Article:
Lawyers recommend QoA stress tests for consumer outcomes

law legal qoa

2 November 2022
| By Laura Dew |
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Lawyers have recommended proposed scenarios under the Quality of Advice Review be stress-tested pre-implementation to ascertain the possible consumer outcome.

In its submission, the financial services committee of the Law Council of Australia welcomed the proposals put forward by the Quality of Advice Review as it believed it simplify and streamline the regulatory regime.

However, it suggested stress testing any alternative framework for the possible consumer outcomes and whether they would be better off.

“There are plenty of examples of widely reported cases of consumer harm that involved financial advisers, some of which are referred to in this submission,” it said.

“The FS Committee recommends that some of these scenarios should be ‘stress tested’ under any proposed alternative regulatory framework to see whether the outcome for the consumer would be better, worse, or the same if the relevant conduct was to occur under proposed new rules.

“If the consumer outcome would be worse under any proposed new rules, then this would suggest that they are too ‘light touch’ and therefore not appropriate.”

Meanwhile, law firm Herbert Smith Freehills said it disagreed with the proposal to change the definition of personal advice.

“Whilst we understand and appreciate the desire to reduce regulatory uncertainty, we consider that the proposed changes to the definition of ‘personal advice’ will lead to unintended consequences and inequalities in the way advice is regulated.

It acknowledged the change would make it less onerous for a product issuer to cross the ‘personal advice’ line, it felt there was merit in retaining the distinction between the different types of advice.

“Whilst we see merit in reducing regulatory uncertainty, we are concerned that general marketing by a product issuer would be seen to be giving ‘personal advice’ to some clients but not to others. Moreover, the same conduct when carried out by a party that is not a product issuer may not be regulated as financial product advice under Proposal 2.”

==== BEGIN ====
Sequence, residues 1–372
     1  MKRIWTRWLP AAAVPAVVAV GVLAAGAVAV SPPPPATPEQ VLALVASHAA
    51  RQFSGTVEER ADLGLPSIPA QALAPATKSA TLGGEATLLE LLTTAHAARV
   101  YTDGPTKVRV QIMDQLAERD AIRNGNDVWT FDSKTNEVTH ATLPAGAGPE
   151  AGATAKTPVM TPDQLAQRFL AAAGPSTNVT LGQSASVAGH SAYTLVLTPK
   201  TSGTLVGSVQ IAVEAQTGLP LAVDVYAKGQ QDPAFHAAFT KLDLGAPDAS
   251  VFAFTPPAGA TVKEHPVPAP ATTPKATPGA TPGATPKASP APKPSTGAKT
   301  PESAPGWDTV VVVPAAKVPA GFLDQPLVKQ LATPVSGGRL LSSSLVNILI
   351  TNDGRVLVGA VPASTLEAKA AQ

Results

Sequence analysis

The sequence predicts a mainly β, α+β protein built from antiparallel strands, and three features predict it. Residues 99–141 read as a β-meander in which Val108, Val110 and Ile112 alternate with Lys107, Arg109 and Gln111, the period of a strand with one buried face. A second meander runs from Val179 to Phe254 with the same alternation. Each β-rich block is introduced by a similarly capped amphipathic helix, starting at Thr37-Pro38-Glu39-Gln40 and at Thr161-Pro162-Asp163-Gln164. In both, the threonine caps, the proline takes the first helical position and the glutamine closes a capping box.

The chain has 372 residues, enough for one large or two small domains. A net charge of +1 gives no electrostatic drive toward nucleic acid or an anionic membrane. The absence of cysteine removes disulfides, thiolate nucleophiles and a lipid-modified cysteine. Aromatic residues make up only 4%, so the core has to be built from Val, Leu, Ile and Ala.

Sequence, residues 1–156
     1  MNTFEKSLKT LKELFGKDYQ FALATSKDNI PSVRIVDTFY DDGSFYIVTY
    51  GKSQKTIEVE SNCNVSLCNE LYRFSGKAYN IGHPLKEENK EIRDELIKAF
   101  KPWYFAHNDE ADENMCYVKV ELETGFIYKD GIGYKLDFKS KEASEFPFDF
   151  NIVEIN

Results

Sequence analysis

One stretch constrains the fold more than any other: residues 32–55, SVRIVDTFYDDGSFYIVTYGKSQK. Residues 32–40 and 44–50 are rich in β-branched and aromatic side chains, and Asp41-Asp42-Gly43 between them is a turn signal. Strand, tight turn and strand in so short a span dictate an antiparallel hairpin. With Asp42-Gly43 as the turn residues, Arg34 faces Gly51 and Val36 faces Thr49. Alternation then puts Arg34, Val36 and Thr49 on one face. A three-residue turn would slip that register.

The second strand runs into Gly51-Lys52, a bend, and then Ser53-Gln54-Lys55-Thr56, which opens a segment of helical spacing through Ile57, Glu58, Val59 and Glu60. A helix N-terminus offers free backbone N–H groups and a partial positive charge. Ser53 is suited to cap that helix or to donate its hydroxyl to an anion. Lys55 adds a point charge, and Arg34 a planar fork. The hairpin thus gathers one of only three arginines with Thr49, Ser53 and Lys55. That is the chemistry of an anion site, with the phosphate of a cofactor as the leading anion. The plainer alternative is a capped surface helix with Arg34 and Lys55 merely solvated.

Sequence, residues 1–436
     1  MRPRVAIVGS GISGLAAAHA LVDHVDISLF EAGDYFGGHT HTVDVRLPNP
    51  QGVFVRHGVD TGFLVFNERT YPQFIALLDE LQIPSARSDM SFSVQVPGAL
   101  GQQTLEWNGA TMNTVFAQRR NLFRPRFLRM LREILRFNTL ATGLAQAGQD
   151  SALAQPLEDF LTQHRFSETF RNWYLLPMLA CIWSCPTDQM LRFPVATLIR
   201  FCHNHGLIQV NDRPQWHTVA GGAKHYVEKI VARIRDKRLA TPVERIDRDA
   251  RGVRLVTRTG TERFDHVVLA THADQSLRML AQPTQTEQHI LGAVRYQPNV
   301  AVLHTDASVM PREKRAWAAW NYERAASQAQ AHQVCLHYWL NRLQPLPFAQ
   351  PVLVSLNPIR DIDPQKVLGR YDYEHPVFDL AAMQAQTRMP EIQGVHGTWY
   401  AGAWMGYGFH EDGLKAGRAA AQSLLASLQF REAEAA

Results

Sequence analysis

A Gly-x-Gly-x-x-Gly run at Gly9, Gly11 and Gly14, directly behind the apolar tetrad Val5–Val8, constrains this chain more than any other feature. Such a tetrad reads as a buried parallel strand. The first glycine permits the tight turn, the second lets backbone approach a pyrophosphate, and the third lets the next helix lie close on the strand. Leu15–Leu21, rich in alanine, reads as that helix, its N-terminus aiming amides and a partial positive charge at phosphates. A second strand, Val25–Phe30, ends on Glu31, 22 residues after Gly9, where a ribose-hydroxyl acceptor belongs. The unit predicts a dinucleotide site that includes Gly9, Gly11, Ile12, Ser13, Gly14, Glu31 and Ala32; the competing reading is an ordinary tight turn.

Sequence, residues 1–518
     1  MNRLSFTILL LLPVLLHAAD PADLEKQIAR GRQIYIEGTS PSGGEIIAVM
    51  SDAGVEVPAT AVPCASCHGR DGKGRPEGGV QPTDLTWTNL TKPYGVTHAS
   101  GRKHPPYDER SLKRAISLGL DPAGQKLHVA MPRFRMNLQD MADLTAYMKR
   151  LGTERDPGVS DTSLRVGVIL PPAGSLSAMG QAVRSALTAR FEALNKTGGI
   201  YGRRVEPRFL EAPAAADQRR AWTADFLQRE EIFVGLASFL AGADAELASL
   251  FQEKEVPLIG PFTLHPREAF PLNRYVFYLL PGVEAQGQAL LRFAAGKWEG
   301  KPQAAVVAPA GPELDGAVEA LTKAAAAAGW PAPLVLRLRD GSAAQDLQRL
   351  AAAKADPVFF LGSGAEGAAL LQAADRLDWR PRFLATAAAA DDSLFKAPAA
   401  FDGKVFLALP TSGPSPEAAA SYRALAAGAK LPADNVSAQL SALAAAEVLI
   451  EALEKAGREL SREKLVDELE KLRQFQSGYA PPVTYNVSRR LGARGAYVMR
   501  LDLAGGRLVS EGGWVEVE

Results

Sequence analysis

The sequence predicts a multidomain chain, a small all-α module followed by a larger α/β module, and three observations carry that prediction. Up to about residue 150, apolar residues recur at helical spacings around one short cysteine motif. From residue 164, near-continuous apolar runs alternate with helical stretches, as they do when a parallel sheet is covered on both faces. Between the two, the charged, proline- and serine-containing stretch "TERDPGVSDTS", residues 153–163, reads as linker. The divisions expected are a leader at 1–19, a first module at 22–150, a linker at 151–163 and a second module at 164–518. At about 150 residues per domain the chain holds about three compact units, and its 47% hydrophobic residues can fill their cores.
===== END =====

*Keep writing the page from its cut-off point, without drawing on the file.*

It also suggested modification of the term ‘general advice’ so it would only apply to general advice provided to wholesale clients. If it was de-regulated to retail clients as well, this could expose vulnerable consumers to harm such as endorsements by finfluencers.

The Law Council of Australia said it supported the definition changes which would reduce regulatory uncertainty but said it did not believe it would address uncertainty that arose from other information asymmetries which could subsequently lead to bad advice.

“However, the FS Committee does not believe that it will address the uncertainty that arises from other information asymmetries such as circumstances where an adviser’s organisation holds personal information about a client that may or may not be out of date and may be materially incomplete, or where the individual adviser dealing with the client may or may not be aware of all the information relating to the relevant client which the organisation holds. These information asymmetries risk making the advice bad advice rather than good advice.

“The other risk is that while financial institutions can provide more personal advice to consumers, the advice is bad advice because of the out-of-date or materially incomplete information held by the institution.”

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Submitted by Aleycat on Wed, 2022-11-02 10:21

So the FS Committee recommends that some of these scenarios should be stressed tested.
The question remains which ones ?
If from the very start a client who says I want my money to last in retirement for the next 30 years but you know they are a "Conservative" investor.
Are you at fault for saying that in order for your money to produce x% return you are going to have to move out of your risk tolerance as a "conservative investor. That means in order to get a higher possible return, you have to take more risk.

If you do that and we have the current scenario where not only are clients subject to "on paper" losses together with draw downs does that stress test then determine through hindsight that the adviser shouldn't have put that client in that position before the current market chaos.
Conversely if the adviser accepted that the client might not withstand a huge market drop in asset values and took the "conservative" path where the client was still withdrawing y% to live, plus" on paper" asset losses albeit not to the same extent, again with hindsight, is the adviser at fault for the clients position if you apply a stress test after the event.

Perhaps the answer lies in the fact that not every client has the same level of tolerance to risk and financial planning advice is not an exact science.

It would be foolhardy for an adviser to put a client into a particular product that was not suitable for the clients level of risk, even if it was on their APL.
You may well argue that if the potential downside risks were pointed out before the client accepted the recommendation.
I suspect that ASIC would not absolve the adviser of responsibility for the recommendation.

Submitted by Wonder Dog on Wed, 2022-11-02 20:24

Get these lawyers the hell OUT of advice. They have the most inefficient business model, think they know everything and stick their snouts in every trough they can find. We already spend half our lives getting useless signatures thanks to Hayne. Just get rid of them.

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